King Cake is the title of Los Angeles-based fiddler Lisa Haley's recent album, which is nominated as "Best Zydeco or Cajun Music Album" alongside Geno Delafose & French Rockin' Boogie's Le Cowboy Creole; The Lost Bayou Ramblers' Live: Á La Blue Moon; the Pine Leaf Boys' Blues De Musicien; Roddie Romero And The Hub City All-Stars' The La Louisianne Sessions; Terrance Simien & The Zydeco Experience's Live! Worldwide; and Racines for their self-titled release.
It will be a travesty and major embarrassment if California's Haley wins the Cajun/zydeco Grammy, which is why — despite serious reservations about the Grammy Awards and their relevance these days — I'm renewing my membership with the National Academy of Recording Arts and Sciences.
Annual membership costs $100; to become a voting member of the Academy, you must have credits on six commercially released tracks. This applies to creative and technical professionals including vocalists, musicians, producers, engineers, conductors, arrangers, art directors, album notes writers (that's how I qualify), narrators, and music video artists and technicians. Associate and affiliate non-voting memberships are also available for music retailers, attorneys, educators, students and more. I've always thought it's disappointing that some of the most knowledgeable potential voters — the fans who buy albums and attend concerts — aren't eligible to vote at least in some capacity. The Grammy Awards, however, are billed as honors given by musicians' peers.
But if some of your peers are clueless, have an agenda or are adept at politicking, that's where the Grammy Awards can be hijacked. A purely hypothetical example: a musician in Los Angeles, home to extensive music-industry infrastructure and a large swath of Grammy voters, could work the phones and ask friends and associates to vote for his or her album. And if they're competing in a category with a smaller pool of voting members — say, Louisiana NARAS members — you can guess what might happen. On a purely local level, the same axiom holds: a 10-piece Louisiana band with more voting members and friends has a better chance out of the gate of winning the Grammy than a five-piece Louisiana band.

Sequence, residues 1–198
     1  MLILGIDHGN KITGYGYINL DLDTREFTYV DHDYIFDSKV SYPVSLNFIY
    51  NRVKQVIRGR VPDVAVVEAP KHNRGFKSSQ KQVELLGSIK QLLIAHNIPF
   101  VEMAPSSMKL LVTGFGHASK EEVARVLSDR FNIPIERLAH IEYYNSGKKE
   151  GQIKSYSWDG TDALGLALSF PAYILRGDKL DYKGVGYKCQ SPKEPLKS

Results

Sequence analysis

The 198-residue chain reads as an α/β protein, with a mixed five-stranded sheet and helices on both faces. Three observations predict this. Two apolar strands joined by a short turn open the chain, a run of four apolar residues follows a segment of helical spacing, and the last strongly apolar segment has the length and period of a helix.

That's just one of the reasons I've let my NARAS membership lapse for the last five years, because the honor system of voting for the best album in each category can be manipulated. On other fronts, most major record labels have done little to endear themselves to consumers in the past decade. With the advent of the CD format, record labels reissued their catalogs on CD at price points designed to maintain profit levels, charging customers in the neighborhood of $20 to repurchase albums they already had on vinyl or cassette. Then when music started showing up on the Internet on trading sites like Napster and Kaaza, they acted like a wailing giant behemoth, with the Recording Industry of America even suing a 65-year-old Massachusetts grandmother who'd never even heard of file-sharing for copyright violations. Protecting artists' intellectual property is a serious issue, but the major record labels lost a lot of supporters with their hamfisted responses. And as the industry spiraled downward while record companies tried to figure out a plan, a lot of the backbone and heart of the industry — independent retailers, publicists, promoters, etc. — went out of business.
If I sound like a broken-record nattering nabob of negativity, here's why I'm renewing my NARAS membership: I'd hate to see NARAS' and the Grammys' shortcomings outweigh the many positive things they do. In the past two years, through the NARAS' MusiCares Hurricane Relief Fund, the Music Rising program and Grammy Foundation preservation grants, nearly $4 million has been dispersed to music professionals and organizations affected by hurricanes Katrina and Rita. In addition to its hurricane relief efforts, NARAS recently named Reid Wick as NARAS' Gulf Coast membership coordinator. I've known longtime New Orleans educator and musician Wick for more than a decade, and if there's anyone who can beef up NARAS' musician outreach and professional development programs in Louisiana, it's him. Free NARAS seminars and programming, along with various industry discounts, are all benefits of membership.
And more important, even if the Grammys' stature has waned in recent years, winning a Cajun/zydeco Grammy Award can only serve to possibly help local artists, through increased industry recognition.